AMP-activated protein kinase (AMPK) is viewed as a fuel sensor for glucose and lipid metabolism. To better understand the physiological role of AMPK, we generated a knockout mouse model in which the AMPKα2 catalytic subunit gene was inactivated. AMPKα2–/– mice presented high glucose levels in the fed period and during an oral glucose challenge associated with low insulin plasma levels. However, in isolated AMPKα2–/– pancreatic islets, glucose- and L-arginine–stimulated insulin secretion were not affected. AMPKα2–/– mice have reduced insulin-stimulated whole-body glucose utilization and muscle glycogen synthesis rates assessed in vivo by the hyperinsulinemic euglycemic clamp technique. Surprisingly, both parameters were not altered in mice expressing a dominant-negative mutant of AMPK in skeletal muscle. Furthermore, glucose transport was normal in incubated isolated AMPKα2–/– muscles. These data indicate that AMPKα2 in tissues other than skeletal muscles regulates insulin action. Concordantly, we found an increased daily urinary catecholamine excretion in AMPKα2–/– mice, suggesting altered function of the autonomic nervous system that could explain both the impaired insulin secretion and insulin sensitivity observed in vivo. Therefore, extramuscular AMPKα2 catalytic subunit is important for whole-body insulin action in vivo, probably through modulation of sympathetic nervous activity.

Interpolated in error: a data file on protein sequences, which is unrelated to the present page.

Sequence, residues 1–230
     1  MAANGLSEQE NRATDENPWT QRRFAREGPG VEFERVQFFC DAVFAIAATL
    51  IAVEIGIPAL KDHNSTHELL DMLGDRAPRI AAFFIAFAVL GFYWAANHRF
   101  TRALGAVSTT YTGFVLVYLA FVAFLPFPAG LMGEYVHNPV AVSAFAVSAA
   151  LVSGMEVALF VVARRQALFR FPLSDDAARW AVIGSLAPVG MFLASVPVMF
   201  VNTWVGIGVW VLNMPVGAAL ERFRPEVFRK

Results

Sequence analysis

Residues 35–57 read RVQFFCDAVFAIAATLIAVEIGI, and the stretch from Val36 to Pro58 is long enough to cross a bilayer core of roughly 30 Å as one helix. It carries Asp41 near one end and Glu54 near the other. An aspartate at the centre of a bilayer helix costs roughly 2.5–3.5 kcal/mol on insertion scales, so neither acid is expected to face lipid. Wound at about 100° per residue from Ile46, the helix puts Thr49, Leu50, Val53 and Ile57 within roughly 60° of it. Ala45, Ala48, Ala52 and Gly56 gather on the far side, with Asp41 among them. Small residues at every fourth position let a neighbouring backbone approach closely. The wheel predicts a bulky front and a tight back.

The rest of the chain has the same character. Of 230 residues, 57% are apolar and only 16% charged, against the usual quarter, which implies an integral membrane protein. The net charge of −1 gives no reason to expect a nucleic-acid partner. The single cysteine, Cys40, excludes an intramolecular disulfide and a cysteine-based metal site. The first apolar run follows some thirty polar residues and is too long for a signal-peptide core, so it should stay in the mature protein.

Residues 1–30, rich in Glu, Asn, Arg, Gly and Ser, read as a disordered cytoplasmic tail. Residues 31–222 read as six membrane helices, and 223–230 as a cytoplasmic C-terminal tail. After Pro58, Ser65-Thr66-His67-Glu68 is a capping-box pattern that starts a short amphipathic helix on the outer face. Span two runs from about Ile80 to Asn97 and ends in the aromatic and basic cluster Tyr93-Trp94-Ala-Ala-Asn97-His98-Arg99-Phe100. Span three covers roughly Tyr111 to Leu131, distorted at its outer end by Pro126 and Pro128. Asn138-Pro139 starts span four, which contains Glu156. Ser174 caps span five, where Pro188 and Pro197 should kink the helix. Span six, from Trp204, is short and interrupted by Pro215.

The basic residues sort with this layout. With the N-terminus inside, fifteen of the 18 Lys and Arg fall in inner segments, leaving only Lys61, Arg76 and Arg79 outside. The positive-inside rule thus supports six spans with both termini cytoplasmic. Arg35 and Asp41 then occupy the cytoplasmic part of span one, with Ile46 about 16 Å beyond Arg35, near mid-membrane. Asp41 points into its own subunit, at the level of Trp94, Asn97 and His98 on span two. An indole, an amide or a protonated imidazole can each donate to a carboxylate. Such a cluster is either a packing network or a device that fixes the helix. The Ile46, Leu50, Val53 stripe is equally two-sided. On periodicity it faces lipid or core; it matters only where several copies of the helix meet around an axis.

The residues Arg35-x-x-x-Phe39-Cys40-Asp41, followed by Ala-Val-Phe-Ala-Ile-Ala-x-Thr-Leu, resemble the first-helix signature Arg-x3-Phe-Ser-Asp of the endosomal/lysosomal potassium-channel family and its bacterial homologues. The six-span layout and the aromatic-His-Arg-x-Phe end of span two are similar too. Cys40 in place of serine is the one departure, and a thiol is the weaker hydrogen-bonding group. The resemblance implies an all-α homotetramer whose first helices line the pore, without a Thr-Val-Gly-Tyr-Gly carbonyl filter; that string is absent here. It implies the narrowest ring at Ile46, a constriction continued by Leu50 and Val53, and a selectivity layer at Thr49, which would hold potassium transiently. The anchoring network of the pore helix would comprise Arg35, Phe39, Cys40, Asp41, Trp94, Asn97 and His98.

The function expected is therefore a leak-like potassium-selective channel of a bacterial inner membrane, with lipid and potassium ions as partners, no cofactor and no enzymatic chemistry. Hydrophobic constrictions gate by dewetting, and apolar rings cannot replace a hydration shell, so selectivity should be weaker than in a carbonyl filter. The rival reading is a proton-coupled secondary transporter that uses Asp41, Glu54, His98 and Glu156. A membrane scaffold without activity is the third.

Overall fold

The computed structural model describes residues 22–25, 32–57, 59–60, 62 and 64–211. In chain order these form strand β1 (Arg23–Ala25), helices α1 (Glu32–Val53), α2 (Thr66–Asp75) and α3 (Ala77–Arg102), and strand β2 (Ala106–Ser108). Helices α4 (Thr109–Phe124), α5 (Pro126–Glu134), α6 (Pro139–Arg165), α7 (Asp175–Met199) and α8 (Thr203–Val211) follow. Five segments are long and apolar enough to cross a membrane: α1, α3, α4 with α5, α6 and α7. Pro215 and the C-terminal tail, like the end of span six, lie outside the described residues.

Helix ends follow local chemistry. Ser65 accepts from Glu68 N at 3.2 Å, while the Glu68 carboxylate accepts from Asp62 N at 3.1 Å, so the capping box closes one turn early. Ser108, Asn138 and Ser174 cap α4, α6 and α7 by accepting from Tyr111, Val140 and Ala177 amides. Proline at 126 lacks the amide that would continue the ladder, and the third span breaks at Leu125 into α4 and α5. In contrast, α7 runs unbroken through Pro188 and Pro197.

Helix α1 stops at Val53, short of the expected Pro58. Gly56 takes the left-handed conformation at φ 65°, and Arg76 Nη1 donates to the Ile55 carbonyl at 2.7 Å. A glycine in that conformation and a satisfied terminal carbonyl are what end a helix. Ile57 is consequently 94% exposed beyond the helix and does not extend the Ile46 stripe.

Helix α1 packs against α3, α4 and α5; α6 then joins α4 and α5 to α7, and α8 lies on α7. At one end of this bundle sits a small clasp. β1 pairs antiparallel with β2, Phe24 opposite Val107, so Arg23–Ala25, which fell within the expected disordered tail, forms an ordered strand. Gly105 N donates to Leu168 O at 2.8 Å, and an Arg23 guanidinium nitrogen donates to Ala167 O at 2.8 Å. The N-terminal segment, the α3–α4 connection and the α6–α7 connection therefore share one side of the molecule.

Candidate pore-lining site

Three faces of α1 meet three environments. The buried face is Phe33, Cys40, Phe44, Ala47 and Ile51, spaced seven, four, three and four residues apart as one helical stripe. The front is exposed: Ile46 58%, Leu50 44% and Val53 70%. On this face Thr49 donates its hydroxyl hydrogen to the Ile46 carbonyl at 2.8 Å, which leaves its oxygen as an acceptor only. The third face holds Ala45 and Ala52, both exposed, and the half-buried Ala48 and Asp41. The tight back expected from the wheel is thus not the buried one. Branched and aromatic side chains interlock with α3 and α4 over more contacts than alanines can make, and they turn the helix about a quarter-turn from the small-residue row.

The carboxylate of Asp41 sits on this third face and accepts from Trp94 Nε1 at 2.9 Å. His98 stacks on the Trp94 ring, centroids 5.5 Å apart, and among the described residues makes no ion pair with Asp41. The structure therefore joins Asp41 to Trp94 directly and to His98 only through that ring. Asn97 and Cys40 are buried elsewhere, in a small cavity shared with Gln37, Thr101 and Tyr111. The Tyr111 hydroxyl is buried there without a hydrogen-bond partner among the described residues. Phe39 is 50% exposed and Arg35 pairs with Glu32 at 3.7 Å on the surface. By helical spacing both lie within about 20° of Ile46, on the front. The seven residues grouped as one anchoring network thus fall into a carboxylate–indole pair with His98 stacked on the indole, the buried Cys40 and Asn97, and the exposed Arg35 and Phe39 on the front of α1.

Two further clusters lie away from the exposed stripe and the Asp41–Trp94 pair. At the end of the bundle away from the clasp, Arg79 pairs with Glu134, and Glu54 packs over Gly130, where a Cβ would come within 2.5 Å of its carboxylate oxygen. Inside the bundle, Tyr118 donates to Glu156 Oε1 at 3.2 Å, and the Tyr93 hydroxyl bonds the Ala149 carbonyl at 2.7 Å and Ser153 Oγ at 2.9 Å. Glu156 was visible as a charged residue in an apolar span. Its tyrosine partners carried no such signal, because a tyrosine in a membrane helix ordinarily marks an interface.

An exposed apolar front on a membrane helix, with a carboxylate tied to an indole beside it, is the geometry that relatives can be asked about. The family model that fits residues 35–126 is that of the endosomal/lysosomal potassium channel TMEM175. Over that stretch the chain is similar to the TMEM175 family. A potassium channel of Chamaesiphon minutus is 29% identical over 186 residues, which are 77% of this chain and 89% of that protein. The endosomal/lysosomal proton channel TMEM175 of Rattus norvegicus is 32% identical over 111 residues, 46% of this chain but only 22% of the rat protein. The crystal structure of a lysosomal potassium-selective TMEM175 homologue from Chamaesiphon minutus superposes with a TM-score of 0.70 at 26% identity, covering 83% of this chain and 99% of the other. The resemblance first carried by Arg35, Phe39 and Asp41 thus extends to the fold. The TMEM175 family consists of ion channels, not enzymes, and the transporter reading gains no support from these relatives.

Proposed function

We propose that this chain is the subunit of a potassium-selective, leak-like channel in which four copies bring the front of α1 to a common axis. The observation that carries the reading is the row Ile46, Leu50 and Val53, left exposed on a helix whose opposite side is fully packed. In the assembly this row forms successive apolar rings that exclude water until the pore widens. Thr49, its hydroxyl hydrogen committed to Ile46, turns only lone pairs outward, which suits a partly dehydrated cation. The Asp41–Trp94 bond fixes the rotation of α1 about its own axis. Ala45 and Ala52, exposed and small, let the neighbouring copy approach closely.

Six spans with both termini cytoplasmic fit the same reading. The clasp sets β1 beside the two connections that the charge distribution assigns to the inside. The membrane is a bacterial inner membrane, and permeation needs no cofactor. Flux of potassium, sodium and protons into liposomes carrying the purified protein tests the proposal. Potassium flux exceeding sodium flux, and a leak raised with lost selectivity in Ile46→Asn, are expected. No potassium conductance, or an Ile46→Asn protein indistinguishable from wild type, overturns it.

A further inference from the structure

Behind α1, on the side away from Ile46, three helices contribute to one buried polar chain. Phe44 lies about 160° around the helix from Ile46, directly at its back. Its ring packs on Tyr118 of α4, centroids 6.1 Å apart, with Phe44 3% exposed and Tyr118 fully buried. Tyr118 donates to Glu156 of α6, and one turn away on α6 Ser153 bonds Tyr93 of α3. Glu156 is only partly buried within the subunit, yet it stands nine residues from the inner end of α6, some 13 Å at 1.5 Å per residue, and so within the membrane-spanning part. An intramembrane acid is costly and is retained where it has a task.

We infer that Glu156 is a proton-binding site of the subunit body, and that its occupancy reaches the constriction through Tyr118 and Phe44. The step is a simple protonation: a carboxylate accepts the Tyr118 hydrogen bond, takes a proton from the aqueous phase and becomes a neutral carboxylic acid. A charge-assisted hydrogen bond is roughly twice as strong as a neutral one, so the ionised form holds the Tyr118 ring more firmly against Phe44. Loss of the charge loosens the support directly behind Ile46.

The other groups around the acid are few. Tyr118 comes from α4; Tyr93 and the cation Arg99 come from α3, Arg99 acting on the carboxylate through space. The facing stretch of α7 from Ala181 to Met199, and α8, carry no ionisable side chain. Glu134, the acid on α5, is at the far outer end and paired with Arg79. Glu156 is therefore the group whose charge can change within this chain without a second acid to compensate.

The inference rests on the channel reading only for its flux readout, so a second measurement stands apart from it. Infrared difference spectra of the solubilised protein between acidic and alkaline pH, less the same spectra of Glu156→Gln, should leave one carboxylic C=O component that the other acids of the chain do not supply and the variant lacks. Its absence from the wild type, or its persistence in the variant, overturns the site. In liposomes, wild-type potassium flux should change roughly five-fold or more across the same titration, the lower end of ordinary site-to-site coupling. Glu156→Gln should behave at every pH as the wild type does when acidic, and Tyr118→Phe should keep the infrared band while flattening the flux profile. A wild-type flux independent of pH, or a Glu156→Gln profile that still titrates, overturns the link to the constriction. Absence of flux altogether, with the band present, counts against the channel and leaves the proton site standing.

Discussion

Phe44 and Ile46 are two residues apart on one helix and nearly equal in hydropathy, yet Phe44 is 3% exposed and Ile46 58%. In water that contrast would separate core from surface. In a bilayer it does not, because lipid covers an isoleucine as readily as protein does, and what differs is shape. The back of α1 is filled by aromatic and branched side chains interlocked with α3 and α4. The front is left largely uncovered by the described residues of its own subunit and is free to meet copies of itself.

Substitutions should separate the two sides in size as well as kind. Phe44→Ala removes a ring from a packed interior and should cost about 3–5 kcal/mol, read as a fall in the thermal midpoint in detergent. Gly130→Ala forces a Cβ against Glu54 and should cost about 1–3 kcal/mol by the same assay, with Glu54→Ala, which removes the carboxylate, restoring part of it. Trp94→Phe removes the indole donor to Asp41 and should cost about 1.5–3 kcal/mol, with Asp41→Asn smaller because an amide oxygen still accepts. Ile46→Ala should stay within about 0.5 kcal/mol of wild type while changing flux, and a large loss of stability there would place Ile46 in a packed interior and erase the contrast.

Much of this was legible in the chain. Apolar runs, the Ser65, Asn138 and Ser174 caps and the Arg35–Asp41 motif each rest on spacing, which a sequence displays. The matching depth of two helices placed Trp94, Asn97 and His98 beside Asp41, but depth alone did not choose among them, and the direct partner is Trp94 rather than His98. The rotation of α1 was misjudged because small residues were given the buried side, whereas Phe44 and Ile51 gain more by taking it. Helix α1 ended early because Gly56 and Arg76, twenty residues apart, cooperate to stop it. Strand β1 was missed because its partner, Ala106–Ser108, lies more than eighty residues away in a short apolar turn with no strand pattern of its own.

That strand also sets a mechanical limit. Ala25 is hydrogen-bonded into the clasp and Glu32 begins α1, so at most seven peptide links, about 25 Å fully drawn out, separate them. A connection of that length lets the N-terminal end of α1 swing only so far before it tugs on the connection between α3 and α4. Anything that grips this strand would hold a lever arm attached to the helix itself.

Benoit Viollet, Fabrizio Andreelli, Sebastian B. Jørgensen, Christophe Perrin, Alain Geloen, Daisy Flamez, James Mu, Claudia Lenzner, Olivier Baud, Myriam Bennoun, Emmanuel Gomas, Gaël Nicolas, Jørgen F.P. Wojtaszewski, Axel Kahn, David Carling, Frans C. Schuit, Morris J. Birnbaum, Erik A. Richter, Rémy Burcelin, Sophie Vaulont


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